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Friday, July 31, 2009


A Poet Mourns

On Wednesday's edition of NPR's "Fresh Air" with Terry Gross, poet Kathleen Sheeder Bonanno shares poetry from her new book Slamming the Door Open about the murder of her daughter, Leidy, in 2003. Leidy had just completed nursing school when an ex-boyfriend, angry about their break-up and the fact that Leidy caught him stealing her credit card information, broke into her apartment and strangled her with a telephone cord.

A TCASK board member who was traveling on Wednesday heard the broadcast and called me to say that I needed to hear the story. I finally got a few minutes to listen to it this morning. Kathleen is brutally honest about her own process and the feelings she experienced in the wake of her daughter's murder--feelings that she did not know she was capable of prior to this tragic loss.

I hope you will take the time to listen to this interview and to hear these moving and soulful poems. For those of us who have never experienced the tragedy of a murder in our families, Kathleen's poetry opens up the depth of that pain and hurt in a powerful way for others to glimpse and touch, if only tangentially.

Read the story or hear the interview here.

Tuesday, July 28, 2009


One Year Later: A Journey of Healing

One year ago yesterday, Jim David Adkisson entered the Tennessee Valley Unitarian Universalist Church in Knoxville during a children's musical performance and began shooting. Before he was finally tackled by a courageous member of the congregation, Adkisson had killed 2 people--Linda Kraeger and Greg McKendry, an elder who attempted to block him from shooting other people--and wounded six.

Adkisson claimed he was attacking "the liberals," particularly those who welcome gays and lesbians. Adkisson pleaded guilty to the rampage and is now serving a sentence of life without the possibility of parole. One year later, church members have not allowed Adkisson to dictate their response to this tragedy. They are not acting from a place of hate with a thirst for vengeance as he was. Instead,the Tennessee Valley Unitarian Universalist Church is a living witness to its faith in the power of love and inclusivity, moving other congregations to become more welcoming of gay and lesbian people while starting new churches along the way.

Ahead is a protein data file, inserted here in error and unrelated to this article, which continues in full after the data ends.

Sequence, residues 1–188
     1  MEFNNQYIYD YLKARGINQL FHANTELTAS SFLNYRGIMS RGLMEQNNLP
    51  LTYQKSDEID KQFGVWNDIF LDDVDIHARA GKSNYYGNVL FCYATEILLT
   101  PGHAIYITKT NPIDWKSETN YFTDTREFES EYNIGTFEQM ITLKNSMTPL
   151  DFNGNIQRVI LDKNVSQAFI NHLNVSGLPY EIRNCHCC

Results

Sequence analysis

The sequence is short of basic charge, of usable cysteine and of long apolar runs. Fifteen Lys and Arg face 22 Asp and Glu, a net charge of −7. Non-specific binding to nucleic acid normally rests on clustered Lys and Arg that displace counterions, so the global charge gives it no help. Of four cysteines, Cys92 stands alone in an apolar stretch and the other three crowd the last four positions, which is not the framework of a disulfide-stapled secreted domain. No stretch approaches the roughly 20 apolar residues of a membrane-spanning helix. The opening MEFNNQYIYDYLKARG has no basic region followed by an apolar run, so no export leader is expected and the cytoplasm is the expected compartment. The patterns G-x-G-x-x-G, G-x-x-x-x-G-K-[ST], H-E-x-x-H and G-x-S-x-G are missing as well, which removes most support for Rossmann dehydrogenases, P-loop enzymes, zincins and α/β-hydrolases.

I am so grateful for the witness of communities of faith such as this congregation who, though violated and attacked, refuse to allow violence, hate, and fear to dictate their response to tragedy. Instead, they choose to celebrate life and to welcome others who might be targets of discrimination.

I hope we can all learn from their witness.

Read more about this story

Wednesday, July 22, 2009


December 2nd Execution Date Set for Tennessee Inmate Cecil Johnson

The Tennessee Supreme Court has set a December 2nd execution date for Cecil Johnson, an inmate who has served on Tennessee's death row for 28 years. Johnson was convicted of the 1980 armed robbery and murders of three Nashvillians, including a 12 year-old boy.

TCASK is currently creating a summary of this case for our website in order to give readers more information as to how the case unfolded. Ultimately, Johnson was convicted and sentenced to death with no physical evidence, no murder weapon, no proceeds recovered from the robbery, and without the disclosure of key files by the prosecution putting testimony used against him in doubt. The State's case hinged on the testimony of two eyewitnesses as well as a "last hour" change of story by Johnson's own alibi witness for a promise of immunity by the prosecution.